Open University student numbers fell 12.2% in 2014/15

The number of students studying at The Open University has fallen for the 5th consecutive year, according to figures released by The Higher Education Statistics Agency (HESA).

Data for student enrolments in 2014/15 were¬†published a few days ago. It makes dismal reading for HE part-timers. Overall, the number of part-time students fell 6%, to below 600,000. This compares to the 800,000 recorded in 2010/11. Chart 1 of HESA’s analysis provides the details.

The 6% fall is concerning enough, but the decline in Open University student numbers has been even more dramatic. Overall, across the OU in England, Wales, Scotland and Northern Ireland, HESA reports total student numbers at 132,365. This is 18,470 (12.2%) fewer than reported in 2013/14.

The data shows that 11.4% fewer students are Open University undergraduates, making a total of 122,805. Postgraduate numbers have sunk to 9,560, down 21.8% on 2013/14. The full breakdown of figures across all UK HE providers can be found in Table 3 (Microsoft .xlsx format).

I’ve added this data onto the chart that I’ve been keeping for the last few years and it’s – well – terrifying.

Open University Student Numbers 2008-09 to 2014-15I continue to fear for the future of part-time education under the Conservatives. However, no political party is blameless in this unfolding scandal. Labour damaged the sector by withdrawing ELQ funding. The coalition rarely acknowledged that the sector existed. They understood it even less. They were particularly bad at recognising that the needs of mature, part-timers are very different from those of young, full-time students.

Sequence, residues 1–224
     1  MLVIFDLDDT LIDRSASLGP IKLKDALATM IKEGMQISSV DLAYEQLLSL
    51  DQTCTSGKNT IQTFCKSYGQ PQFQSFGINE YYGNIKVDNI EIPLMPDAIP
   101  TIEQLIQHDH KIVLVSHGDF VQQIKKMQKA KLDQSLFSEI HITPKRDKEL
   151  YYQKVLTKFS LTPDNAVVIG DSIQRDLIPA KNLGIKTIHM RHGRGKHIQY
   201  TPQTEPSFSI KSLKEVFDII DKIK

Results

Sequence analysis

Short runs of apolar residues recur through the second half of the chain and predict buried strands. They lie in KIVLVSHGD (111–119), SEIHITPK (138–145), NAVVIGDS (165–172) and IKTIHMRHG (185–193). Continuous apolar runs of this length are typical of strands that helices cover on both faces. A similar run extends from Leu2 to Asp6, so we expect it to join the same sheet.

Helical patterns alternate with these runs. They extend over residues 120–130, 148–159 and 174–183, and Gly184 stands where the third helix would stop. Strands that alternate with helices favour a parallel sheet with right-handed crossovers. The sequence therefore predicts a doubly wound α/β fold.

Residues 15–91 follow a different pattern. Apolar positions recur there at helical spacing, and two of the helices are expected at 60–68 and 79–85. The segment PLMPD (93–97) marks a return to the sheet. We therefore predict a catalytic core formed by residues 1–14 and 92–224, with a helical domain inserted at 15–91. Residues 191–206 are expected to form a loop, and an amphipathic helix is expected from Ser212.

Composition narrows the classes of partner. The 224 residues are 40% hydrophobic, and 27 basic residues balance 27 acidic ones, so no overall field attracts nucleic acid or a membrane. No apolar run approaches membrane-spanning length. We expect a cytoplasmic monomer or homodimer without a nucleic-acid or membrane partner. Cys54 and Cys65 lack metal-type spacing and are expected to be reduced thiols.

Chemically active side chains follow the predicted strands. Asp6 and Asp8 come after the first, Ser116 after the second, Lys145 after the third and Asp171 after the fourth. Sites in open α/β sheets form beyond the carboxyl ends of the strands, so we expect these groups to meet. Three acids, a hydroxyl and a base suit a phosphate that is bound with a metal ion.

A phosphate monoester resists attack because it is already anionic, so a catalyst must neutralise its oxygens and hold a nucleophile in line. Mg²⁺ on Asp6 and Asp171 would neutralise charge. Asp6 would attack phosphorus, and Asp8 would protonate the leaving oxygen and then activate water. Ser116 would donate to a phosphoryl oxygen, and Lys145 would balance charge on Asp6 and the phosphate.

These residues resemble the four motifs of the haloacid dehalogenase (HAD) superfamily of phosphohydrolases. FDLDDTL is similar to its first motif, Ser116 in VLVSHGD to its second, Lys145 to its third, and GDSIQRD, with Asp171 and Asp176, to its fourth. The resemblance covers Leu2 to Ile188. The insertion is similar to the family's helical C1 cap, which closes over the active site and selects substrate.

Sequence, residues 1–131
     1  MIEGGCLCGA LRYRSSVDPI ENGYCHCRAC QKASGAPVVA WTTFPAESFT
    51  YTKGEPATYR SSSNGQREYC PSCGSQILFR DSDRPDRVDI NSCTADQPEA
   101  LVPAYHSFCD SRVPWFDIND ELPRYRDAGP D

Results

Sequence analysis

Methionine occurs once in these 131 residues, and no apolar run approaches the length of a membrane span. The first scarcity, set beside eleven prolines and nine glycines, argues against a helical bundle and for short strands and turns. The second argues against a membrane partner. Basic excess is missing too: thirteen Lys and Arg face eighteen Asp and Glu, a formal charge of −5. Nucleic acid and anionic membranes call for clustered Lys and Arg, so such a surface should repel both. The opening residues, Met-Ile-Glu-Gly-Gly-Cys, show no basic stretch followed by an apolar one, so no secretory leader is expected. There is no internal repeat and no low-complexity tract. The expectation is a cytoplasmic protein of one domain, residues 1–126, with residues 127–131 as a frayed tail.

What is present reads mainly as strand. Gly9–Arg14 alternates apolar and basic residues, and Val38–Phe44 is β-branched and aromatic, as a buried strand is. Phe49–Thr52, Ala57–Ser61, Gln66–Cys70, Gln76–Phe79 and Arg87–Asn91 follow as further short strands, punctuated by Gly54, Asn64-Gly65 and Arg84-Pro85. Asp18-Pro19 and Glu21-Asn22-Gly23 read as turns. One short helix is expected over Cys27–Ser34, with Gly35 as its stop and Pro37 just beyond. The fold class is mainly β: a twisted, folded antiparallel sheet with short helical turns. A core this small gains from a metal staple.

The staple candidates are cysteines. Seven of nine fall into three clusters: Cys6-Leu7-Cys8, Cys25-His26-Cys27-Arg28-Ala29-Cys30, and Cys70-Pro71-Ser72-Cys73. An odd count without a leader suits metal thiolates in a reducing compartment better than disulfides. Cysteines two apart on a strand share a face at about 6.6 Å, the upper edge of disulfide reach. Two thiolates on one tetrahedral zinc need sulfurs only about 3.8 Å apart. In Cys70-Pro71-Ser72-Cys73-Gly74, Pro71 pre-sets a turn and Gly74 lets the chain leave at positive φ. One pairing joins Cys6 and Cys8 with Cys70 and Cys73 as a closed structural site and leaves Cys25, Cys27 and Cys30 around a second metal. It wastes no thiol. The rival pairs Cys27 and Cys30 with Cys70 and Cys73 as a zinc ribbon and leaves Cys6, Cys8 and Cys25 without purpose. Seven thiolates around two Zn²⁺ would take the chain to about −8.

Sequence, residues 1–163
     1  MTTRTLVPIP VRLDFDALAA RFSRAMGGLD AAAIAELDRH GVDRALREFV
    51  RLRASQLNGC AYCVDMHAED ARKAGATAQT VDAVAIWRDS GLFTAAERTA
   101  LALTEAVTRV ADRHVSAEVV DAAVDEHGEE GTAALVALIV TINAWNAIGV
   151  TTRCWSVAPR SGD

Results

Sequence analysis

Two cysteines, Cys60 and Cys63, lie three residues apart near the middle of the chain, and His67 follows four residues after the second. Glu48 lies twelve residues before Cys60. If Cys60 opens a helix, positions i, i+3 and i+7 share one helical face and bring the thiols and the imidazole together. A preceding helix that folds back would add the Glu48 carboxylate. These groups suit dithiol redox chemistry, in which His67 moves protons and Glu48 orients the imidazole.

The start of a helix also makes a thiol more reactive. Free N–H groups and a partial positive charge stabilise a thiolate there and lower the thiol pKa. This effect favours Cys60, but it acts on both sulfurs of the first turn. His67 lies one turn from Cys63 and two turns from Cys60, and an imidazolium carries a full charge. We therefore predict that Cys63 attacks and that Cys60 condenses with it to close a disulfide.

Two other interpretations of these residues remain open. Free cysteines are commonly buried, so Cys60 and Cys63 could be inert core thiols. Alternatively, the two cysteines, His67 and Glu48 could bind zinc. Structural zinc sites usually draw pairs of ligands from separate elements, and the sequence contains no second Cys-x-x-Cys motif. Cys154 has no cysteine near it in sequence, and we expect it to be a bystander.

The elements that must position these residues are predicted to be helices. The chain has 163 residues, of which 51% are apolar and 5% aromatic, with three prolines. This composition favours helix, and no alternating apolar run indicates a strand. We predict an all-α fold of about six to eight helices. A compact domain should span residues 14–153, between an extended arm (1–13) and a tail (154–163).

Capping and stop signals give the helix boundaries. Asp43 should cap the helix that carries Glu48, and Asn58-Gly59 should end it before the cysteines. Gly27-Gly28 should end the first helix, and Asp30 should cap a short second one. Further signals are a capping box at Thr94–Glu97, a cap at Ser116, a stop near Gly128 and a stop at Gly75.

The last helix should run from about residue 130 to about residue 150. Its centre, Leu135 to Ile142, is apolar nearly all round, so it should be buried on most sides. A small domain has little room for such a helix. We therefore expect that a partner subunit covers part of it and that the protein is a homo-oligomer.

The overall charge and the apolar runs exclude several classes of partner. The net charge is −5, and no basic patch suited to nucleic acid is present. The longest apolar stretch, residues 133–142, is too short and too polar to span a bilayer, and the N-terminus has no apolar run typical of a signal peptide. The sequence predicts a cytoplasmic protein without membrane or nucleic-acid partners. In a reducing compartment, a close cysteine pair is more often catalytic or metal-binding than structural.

We’re still a little way from the end of OU transitional fees in England. The majority of Open University undergraduates live there, so I expect that the next couple of years will be equally tough. I hope the Open University survives. I hope that part-time education as a whole survives too! There’s no doubt that it is a significant enabler of social mobility. But as the Conservatives continue their relentless attack on aspiration elsewhere, I’m not confident that my hope is rational.

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Reader Comments

  1. busysuzi

    I don’t think it’s just the fees that are putting people off. When you look at people’s lifestyles nowadays, who has time to study if they still work full time? Working hours are getting longer and many people have more than one job to make ends meet because the cost of living is becoming more expensive. Commuting to work is also brcoming a more time consuming process for many.

    If people have families, they also need some quality time with their partners and children rather than constantly being shut in a room and never being able to play with growing children, particularly if they already work long hours.

    Therefore, as I questioned at the beginning, where is the time for study without sitting up all night? This is impossible as I defy anybody to be able to work, drive, study, keep a house, play with children, walk the dog, etc., on very little little sleep. All for about seven months of a year, for six years running if they’re studying for an Undergraduate degree. Bear in mind that once you hit the two Stage 2 and two Stage 3 it gets tougher and tougher.

    Then, of course, if you do manage to pass your Undergraduate degree and you’re going on to study for a Postgraduate degree and a Master’s degree these will be tougher still! You’ll need even more peace and quiet and even more study time…